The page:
“Once kids ages 5 to 11 are eligible for [the] vaccine, attending school during the pandemic will be safer,” Shu wrote in a message to The 74.
The Pfizer data included 2,268 participants ages 5 to 11 who were each given a two-dose regimen of the vaccine 21 days apart. Children were given a 10 microgram dose, smaller than the 30 micrograms administered to older children and adults, which the drug company said was a carefully selected dosage for safety, tolerability and effectiveness.
In an internal review of the results last week, Pfizer reported that one month after the second dose, the shots produced a “robust” antibody response, including immunity and side effects comparable to that delivered by the larger dose in 16- to 25-year-old patients.
The FDA said that it will analyze those data as soon as possible, the New York Times reports.
In the Atlanta pediatrician’s practice, patients are eager to have youngsters inoculated — though Shu’s clientele may be the exception, from a nationwide perspective.
“I’m mostly seeing families that are all in,” she said. “Children are telling me they can’t wait until they can get the vaccine, since they are often the only ones in their family who haven’t even gotten one dose yet.”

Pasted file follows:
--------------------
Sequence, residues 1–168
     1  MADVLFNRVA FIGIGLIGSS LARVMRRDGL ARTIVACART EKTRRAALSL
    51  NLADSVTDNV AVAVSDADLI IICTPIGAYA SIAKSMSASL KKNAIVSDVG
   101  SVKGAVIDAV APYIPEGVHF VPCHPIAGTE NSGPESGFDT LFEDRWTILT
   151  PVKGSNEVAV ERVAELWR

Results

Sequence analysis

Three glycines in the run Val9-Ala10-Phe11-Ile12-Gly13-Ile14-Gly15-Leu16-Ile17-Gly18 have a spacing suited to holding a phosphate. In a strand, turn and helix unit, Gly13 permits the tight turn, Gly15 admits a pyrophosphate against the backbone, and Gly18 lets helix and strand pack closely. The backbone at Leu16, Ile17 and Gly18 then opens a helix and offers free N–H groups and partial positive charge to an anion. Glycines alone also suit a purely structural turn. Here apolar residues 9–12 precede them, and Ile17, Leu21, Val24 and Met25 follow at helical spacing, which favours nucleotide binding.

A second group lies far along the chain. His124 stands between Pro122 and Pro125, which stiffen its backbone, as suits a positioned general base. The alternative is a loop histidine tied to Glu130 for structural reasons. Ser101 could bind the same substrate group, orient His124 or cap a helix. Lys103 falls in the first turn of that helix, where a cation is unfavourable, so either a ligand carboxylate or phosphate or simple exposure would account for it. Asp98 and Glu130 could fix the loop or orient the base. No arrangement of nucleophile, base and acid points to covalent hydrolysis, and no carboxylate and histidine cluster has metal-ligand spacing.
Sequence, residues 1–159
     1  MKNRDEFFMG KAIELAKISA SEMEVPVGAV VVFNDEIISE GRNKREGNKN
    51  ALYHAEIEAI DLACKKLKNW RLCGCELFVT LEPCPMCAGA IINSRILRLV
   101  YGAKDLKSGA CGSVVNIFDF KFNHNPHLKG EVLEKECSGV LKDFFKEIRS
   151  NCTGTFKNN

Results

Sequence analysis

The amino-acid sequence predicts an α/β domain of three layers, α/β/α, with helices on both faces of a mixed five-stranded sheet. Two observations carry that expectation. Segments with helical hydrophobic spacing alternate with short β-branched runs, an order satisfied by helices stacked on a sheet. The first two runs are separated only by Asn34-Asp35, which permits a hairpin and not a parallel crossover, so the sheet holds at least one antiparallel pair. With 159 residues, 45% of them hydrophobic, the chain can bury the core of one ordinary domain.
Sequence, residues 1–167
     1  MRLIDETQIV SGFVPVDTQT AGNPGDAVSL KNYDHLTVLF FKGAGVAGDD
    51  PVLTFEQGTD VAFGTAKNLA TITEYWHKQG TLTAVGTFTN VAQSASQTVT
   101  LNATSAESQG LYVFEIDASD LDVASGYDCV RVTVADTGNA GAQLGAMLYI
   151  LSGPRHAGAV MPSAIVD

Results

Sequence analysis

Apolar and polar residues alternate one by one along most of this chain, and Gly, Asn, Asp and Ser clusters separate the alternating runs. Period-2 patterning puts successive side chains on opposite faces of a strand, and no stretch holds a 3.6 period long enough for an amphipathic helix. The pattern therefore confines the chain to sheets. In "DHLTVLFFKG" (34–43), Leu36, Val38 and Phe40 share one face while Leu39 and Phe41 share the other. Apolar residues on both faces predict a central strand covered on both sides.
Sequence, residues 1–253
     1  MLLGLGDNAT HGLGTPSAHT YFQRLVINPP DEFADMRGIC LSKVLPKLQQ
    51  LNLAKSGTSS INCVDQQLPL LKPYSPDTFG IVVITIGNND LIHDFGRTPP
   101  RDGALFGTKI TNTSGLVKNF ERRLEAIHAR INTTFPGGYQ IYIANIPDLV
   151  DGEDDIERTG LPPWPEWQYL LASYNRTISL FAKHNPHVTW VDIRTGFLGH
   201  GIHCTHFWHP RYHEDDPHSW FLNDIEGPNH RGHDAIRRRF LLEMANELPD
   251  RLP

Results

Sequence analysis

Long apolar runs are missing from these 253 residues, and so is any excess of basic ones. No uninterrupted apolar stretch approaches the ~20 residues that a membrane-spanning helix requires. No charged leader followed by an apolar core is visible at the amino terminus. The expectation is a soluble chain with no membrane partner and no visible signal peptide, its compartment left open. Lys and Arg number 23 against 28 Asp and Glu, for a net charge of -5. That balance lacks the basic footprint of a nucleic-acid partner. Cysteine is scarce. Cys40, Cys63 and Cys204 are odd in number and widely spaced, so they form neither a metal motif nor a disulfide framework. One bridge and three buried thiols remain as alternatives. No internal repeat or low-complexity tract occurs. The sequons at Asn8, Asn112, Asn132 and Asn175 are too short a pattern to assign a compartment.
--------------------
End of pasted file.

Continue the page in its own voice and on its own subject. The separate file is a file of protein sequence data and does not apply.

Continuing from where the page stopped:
Youth ages 12 and up have been eligible for doses since May, but only 45 percent of 12- to 17-year-olds are fully vaccinated, according to the AAP. By that measure, inoculating those under 12 years old may prove a challenge.
A Kaiser Family Foundation national poll from mid-August found that only 26 percent of parents of 5- to 11-year olds would want their child to receive the COVID-19 shot right away after it’s cleared, while another 40 percent said they would “wait and see.” That attitude may be changing, however, as 55 percent of U.S. parents surveyed in a Gallup poll published Tuesday indicated that they would have their children inoculated against COVID-19 if shots were available.
Getting children under 12 vaccinated “will be an uphill battle,” Rebecca Wurtz, professor of health policy at the University of Minnesota, told The 74. “I think parents are even more protective of their younger kids (than their older children).”
In the Kaiser survey, an additional 9 percent of parents said they would get their youngsters vaccinated only if the shots were required. Meanwhile, momentum is building for schools to do just that.
Last week, Oakland Unified School District in California joined Golden State counterparts Los Angeles and Culver City, as well as Hoboken, New Jersey, in requiring that all eligible students receive the COVID-19 vaccine in order to attend in-person school.
Los Angeles Unified School District officials chose not to comment when asked by The 74 last week whether they would extend their student vaccine requirement to learners ages 5 to 11, should shots be approved for that age group.
Whether or not student vaccination mandates continue to expand, Shu believes the real-world outcomes from COVID shots should encourage parents who may be on the fence.
“More than 5.5 billion doses of COVID vaccine have been given worldwide,” she points out. “I hope that builds confidence for parents to give it to their children.”Submit a Letter to the Editor